Last month, we released two studies to illustrate what the gender pay gap looks like at small businesses—those that employ between 0-100 people. More than 7,500 small businesses—that collectively employ tens of thousands of people—offer their employees a Guideline 401(k), so we have a unique vantage point of small business compensation.
After looking at the anonymized compensation data of Guideline 401(k) plan participants, we found that women who work at a small business make 70 cents on every dollar earned by a man. In addition to finding correlations between age and marital status and the pay gap—if a woman is older and/or married, she earns even less compared to a man—we also found that the gap can vary greatly by geographic region. In some areas, like Salt Lake City, the gap is particularly bad—63 cents on the dollar—while in others, like Miami—88 cents on the dollar—the gap is far more narrow.
For our final installment in the series, we’re revealing what the gap looks like by industry. In the image below, you’ll see how much women earn for every dollar earned by a man in each major industry. As you can see, it’s a wide spread. Women in manufacturing earn 68 cents on the dollar, while women in transportation and logistics earn 99 cents on the dollar, for example.
This brings our small business gender pay gap series to a close. We hope revealing what this data looks like in such a powerful sector of the U.S. economy is helpful in bringing awareness to how much work still needs to be done to achieve compensation equity.
As we mentioned previously, it unfortunately shouldn’t be surprising that the gender pay gap among small businesses is so significant, regardless of how you look at it—marital status, geography, and or industry. But just because it’s not surprising, that doesn’t mean it isn’t disappointing. The good news is there are things you can do to help. There’s a lot of content available on this topic, but our friends at ELLEVEST put together some great, tactical ideas for helping realize change. Actions like mentoring/sponsoring a young woman in your field, hiring (and promoting!) women for leadership positions, and supporting women-owned businesses can go a long way.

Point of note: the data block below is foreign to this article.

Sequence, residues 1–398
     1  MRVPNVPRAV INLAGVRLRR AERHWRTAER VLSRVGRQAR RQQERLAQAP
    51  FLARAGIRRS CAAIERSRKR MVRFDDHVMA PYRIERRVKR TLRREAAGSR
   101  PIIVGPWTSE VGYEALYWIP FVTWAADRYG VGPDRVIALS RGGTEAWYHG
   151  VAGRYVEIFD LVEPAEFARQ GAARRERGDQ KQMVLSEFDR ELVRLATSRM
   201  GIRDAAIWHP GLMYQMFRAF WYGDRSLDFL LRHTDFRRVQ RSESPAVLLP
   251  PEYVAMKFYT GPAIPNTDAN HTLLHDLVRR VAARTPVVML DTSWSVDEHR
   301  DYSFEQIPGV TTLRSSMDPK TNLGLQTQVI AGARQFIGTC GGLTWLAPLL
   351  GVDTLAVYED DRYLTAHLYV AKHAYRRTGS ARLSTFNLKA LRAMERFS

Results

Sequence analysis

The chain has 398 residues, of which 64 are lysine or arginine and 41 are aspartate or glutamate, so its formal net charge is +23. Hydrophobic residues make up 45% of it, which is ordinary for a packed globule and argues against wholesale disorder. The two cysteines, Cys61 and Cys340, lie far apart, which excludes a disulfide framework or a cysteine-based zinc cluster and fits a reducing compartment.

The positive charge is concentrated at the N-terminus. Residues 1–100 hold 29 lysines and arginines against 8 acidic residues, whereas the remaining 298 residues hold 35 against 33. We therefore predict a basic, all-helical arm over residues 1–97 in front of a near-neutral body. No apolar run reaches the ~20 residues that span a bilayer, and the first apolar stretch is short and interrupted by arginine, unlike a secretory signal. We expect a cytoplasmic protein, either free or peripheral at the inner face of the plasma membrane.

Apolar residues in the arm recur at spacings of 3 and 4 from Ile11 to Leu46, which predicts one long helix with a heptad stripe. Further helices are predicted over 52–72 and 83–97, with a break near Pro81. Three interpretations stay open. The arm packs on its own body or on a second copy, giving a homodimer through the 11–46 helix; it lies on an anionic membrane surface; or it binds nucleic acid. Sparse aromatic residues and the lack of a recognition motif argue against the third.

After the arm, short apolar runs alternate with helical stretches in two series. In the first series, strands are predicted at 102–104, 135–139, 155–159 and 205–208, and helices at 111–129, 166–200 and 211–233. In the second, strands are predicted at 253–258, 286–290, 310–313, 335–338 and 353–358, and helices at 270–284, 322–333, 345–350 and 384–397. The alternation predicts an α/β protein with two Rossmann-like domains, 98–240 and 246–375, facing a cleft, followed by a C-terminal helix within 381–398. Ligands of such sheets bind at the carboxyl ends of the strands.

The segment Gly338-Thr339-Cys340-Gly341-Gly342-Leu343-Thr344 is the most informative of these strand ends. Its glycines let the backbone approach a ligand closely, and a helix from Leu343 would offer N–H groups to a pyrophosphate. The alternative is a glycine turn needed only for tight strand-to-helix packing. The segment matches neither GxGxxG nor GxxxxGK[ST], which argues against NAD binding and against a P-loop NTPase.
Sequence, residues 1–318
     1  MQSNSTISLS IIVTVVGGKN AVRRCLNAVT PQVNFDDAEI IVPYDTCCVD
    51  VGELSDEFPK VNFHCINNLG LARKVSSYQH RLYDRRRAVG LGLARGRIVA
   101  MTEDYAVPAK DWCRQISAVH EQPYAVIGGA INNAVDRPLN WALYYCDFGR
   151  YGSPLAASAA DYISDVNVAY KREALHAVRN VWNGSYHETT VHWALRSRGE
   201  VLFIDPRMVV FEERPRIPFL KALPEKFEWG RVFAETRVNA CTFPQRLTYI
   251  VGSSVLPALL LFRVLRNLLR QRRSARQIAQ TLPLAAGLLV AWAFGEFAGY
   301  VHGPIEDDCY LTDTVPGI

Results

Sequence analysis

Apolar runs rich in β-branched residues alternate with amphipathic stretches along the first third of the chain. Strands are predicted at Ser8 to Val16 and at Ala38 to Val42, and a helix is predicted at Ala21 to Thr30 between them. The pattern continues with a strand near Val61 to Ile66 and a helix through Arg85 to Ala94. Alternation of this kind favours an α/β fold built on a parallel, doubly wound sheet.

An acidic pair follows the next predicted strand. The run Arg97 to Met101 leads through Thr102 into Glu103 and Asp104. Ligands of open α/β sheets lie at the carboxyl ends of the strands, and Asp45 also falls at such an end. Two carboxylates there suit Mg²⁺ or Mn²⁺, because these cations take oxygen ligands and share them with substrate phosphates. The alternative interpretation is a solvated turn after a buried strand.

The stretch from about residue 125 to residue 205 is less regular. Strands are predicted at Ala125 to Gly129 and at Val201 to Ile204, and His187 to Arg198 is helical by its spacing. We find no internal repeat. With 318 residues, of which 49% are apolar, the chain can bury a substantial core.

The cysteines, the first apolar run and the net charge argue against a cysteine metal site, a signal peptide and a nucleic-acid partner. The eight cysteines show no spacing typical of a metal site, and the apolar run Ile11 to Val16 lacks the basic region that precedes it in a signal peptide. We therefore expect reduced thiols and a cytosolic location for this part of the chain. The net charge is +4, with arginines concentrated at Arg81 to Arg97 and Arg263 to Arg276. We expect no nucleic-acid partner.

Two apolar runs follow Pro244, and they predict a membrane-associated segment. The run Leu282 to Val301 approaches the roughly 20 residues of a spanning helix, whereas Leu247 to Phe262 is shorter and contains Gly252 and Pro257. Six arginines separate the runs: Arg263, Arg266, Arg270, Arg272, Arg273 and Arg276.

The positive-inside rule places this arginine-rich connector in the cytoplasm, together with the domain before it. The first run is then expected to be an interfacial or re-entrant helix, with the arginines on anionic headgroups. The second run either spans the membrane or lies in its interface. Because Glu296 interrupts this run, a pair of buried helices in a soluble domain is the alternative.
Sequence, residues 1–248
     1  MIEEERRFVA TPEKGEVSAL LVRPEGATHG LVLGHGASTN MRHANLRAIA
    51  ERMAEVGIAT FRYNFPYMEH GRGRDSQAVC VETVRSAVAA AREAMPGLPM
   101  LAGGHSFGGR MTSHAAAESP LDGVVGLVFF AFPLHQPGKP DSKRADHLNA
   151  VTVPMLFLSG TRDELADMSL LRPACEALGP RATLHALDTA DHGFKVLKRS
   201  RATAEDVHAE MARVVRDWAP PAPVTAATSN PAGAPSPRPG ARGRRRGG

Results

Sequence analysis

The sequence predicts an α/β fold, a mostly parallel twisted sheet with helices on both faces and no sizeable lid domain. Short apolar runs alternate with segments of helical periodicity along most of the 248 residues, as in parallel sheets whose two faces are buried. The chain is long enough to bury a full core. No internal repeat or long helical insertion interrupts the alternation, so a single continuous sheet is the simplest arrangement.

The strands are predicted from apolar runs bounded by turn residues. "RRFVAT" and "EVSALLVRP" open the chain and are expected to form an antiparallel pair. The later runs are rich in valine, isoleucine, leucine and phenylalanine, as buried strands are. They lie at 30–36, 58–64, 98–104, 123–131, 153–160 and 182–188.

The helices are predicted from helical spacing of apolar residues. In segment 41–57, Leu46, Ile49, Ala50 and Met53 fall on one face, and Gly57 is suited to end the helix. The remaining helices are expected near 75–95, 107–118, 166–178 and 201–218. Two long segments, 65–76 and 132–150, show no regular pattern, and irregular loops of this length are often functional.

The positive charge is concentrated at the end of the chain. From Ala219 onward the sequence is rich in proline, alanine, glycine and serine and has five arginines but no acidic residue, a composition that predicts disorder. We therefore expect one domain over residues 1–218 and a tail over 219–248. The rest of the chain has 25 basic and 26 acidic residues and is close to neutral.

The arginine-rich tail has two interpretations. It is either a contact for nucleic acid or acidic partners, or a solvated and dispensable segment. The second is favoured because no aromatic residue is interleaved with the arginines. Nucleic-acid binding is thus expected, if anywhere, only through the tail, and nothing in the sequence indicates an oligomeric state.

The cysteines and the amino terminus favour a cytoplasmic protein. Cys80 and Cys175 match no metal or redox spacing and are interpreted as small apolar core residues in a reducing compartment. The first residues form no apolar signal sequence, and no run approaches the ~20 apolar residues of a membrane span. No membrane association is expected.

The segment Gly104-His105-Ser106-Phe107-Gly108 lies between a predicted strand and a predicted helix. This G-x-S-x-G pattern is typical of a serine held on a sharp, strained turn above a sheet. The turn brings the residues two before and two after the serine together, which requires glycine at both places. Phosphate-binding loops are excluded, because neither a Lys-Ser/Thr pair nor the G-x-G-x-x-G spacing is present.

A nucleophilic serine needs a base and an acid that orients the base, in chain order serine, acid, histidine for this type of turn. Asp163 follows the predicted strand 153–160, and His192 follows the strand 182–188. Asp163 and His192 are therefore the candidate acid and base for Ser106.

We analyzed anonymized compensation data of tens of thousands of non-owner employees who have worked at small businesses and participated in Guideline 401(k) plans. Gender is inferred by participants’ first names based on Popular Baby Names dataset from Social Security. Gender pay gap is defined as female median compensation divided by male median compensation. We used NAICS codes to determine which industry each small business belongs to.